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Rallying 'Round Their Own Flags: Bella Mody and Biases in Foreign News Coverage

Antonio Lambino's picture

While traveling abroad, watching or reading news stories about one’s home country can be an eye opening and, at times, disturbing experience.  Unless you come from one of the world’s most powerful countries or an up and coming economic titan, one would quickly get the sense that foreign coverage of the homestead, if any, tends to revolve around natural disasters, major scandals, changes in national leadership, and manmade crises.  I suppose it’s hard to expect otherwise, but there’s more to it than that.  In addition to selective framing and coverage driven by such “news values” as immediacy, recency, and conflict, there’s also national bias.  A recently published book by Prof. Bella Mody, entitled Geopolitics of Representation in Foreign News: Explaining Darfur, argues that the construction of foreign news coverage is determined by several factors, including history and context, on one hand, and national interest, on the other.

Through a rigorous analysis of foreign news coverage of atrocities in Darfur by news outlets in various countries -- including China, Egypt, France, the United Kingdom, the United States, and South Africa -- Prof. Mody provides strong evidence suggesting the influence of national history and interest on coverage.   And if we were to attempt to generalize the findings, here’s what we might say.  Regarding history and context, the study posits that countries that share experiences deeply implanted in the national psyche, such as colonial rule, tend to produce foreign coverage that is less critical of each other.  As regards national interest, a country’s news media tends to provide less critical coverage of other countries that are considered sources of current or future strategic international advantage.  In my mind, these are aggregated manifestations of the desire to selectively present the world in a way that resonates with the national collective memory and avoids compromising possible national gain.  It also seems like a form of cross-national self-censorship.

Mody argues that these drivers go against the media fulfilling their watchdog role, cross-nationally, because instead of reporting on causes of these atrocities –allowing for deeper understanding of the origins of crises, whom to blame for them, and providing direction as to how they might be avoided in the future – the tendency is to provide descriptive coverage of the ways in which events are unfolding, and to a lesser extent, possible remedies (what can be done to address problems, moving forward).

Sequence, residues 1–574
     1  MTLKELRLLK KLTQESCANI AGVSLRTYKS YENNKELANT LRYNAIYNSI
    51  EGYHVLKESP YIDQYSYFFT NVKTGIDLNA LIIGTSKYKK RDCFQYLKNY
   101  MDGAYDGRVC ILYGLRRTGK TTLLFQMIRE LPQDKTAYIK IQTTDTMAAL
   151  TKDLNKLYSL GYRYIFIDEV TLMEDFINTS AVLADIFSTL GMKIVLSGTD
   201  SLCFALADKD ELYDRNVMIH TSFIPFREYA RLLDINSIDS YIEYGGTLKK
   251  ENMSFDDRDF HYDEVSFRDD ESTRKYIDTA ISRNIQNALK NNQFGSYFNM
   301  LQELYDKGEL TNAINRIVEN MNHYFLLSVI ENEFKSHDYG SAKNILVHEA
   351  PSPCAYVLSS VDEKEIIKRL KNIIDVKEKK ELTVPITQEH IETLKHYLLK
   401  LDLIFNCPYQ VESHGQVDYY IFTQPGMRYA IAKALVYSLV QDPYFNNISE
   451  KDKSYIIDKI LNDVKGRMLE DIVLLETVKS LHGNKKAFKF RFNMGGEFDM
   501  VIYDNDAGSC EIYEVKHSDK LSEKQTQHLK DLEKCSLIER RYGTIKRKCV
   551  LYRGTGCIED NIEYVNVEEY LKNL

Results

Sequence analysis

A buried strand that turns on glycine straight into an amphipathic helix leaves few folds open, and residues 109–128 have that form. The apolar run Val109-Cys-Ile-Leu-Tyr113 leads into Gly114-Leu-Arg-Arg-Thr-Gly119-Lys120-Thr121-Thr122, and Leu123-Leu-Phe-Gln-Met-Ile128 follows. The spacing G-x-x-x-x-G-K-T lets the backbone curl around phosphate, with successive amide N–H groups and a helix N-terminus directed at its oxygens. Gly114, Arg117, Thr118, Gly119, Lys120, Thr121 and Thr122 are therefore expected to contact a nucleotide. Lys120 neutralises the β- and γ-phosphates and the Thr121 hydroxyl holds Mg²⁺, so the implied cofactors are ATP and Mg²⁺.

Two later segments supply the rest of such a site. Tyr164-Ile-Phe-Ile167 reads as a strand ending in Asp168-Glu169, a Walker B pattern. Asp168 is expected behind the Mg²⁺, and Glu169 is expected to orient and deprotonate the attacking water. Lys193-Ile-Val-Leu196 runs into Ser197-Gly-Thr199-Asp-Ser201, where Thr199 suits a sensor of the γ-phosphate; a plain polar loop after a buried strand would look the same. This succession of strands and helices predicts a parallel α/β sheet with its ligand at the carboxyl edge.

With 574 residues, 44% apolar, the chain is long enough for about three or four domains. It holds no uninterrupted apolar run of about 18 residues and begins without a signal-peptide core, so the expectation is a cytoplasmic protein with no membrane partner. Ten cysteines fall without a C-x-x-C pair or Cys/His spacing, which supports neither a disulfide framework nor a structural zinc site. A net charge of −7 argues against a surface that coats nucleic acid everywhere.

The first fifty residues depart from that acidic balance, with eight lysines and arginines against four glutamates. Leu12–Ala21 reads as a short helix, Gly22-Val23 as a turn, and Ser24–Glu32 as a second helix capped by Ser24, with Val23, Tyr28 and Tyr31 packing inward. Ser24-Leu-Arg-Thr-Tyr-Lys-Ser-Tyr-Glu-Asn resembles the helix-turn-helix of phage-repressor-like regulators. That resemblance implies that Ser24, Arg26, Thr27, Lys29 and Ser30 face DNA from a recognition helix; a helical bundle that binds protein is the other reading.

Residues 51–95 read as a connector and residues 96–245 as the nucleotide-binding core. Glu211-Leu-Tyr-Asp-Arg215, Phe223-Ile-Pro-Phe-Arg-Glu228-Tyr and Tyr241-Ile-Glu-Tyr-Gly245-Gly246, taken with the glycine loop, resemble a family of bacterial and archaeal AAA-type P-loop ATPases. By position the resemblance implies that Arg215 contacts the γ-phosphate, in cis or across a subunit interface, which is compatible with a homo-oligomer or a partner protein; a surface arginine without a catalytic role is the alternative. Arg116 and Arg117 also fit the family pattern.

A more general point is this: the news media in different countries construct and frame the same occurrence in different ways.  It seems reasonable to argue, therefore, that the capacity of international news outlets to serve as cross-national watchdogs is rather limited.  Based on Mody’s research, this is likely to be true even among media outlets that are relatively independent from vested interests in their own contexts.  Simply put, national biases get in the way of checking the power wielded by global elites.  This problem is especially acute when these elites abuse their own people.

Considering the international system, as a whole, I would like to offer three thoughts.  First, gaining a plural perspective on what’s happening abroad seems to require exposure to news produced in a range of countries with different historical legacies and social, economic, cultural, and political interests.   This tall order is challenging even to the few who might already have access to a wide range of high quality international news sources.  Second, those who believe they may already have a good grasp of international affairs might consider interrogating the news sources they regularly consume and make as honest an assessment as possible of embedded biases.   Third, those who wish to advocate for broader and more nuanced understanding of events that may have impact across national borders might consider creating and supporting publicly accessible mechanisms for aggregating and comparing foreign news emanating from what are essentially biased sources.

Image credit: Lexington Books

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